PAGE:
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Fourth Circuit Finds Rebellious Behavior by Subordinates Insufficient to Constitute Hostile Work Environment

    Client Alerts
  • June 02, 2016

Most hostile environment harassment claims brought under Title VII involve allegations of offensive conduct by the plaintiff’s supervisors or co-workers. In a few situations, the employee alleges that his or her subordinates created the hostile and offensive working environment. Earlier this month in an unpublished opinion, the Fourth Circuit Court of Appeals (which includes North Carolina and South Carolina) rejected a hostile environment gender harassment claim brought by a fire department lieutenant who accused firefighters reporting to her of discriminatory behavior.

In Fox v. Leland Volunteer Fire/Rescue Dept., Inc., the plaintiff alleged that shortly after her promotion, male firefighters whom she supervised, subjected her to a pattern of continuous condescending and disrespectful behavior, such as ignoring her instructions and leaving the premises without authorization. She claimed that she was fired after the Department learned that she had retained an attorney and intended to file an EEOC charge. The district court dismissed all claims on summary judgment, and the plaintiff appealed to the Fourth Circuit.

The Fourth Circuit agreed with the lower court’s dismissal of the plaintiff’s Title VII hostile environment harassment claim. It concluded that her subordinates’ discourteous, insubordinate and boorish conduct did not rise to the level of a hostile and offensive work environment, and that the plaintiff could not demonstrate that it was based on her gender. The court did however, reinstate the plaintiff’s retaliation claim.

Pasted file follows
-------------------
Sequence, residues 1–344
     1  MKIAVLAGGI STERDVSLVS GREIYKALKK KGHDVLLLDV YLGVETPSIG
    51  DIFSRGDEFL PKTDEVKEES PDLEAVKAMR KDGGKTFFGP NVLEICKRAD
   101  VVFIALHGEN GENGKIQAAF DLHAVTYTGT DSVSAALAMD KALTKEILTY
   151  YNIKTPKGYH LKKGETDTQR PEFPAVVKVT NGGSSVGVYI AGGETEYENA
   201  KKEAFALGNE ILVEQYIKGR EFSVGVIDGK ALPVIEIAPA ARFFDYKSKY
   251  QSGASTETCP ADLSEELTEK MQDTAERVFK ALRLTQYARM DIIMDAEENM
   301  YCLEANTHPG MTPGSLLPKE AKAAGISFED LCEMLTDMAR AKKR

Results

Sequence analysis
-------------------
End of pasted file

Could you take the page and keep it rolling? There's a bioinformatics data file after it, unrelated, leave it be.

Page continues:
This decision stands in contrast to recent Fourth Circuit decisions that have lowered the bar for employees to avoid summary judgment on hostile work environment claims under Title VII. Although not explicitly stated in the opinion, courts often assume that supervisors have the inherent authority to stop harassing conduct by subordinate employees through the company’s disciplinary procedures. In less common situations, federal courts have found such behavior to constitute hostile working environments where the plaintiff demonstrates that she was unable to discipline the harassers due to lack of support from higher management.

Regardless of this decision, employers should not ignore claims of harassment made by supervisors involving employees who report to them. The response to the complaint can include emphasizing to the supervisor his or her authority to directly deal with the employees’ behavior through disciplinary measures provided by the company.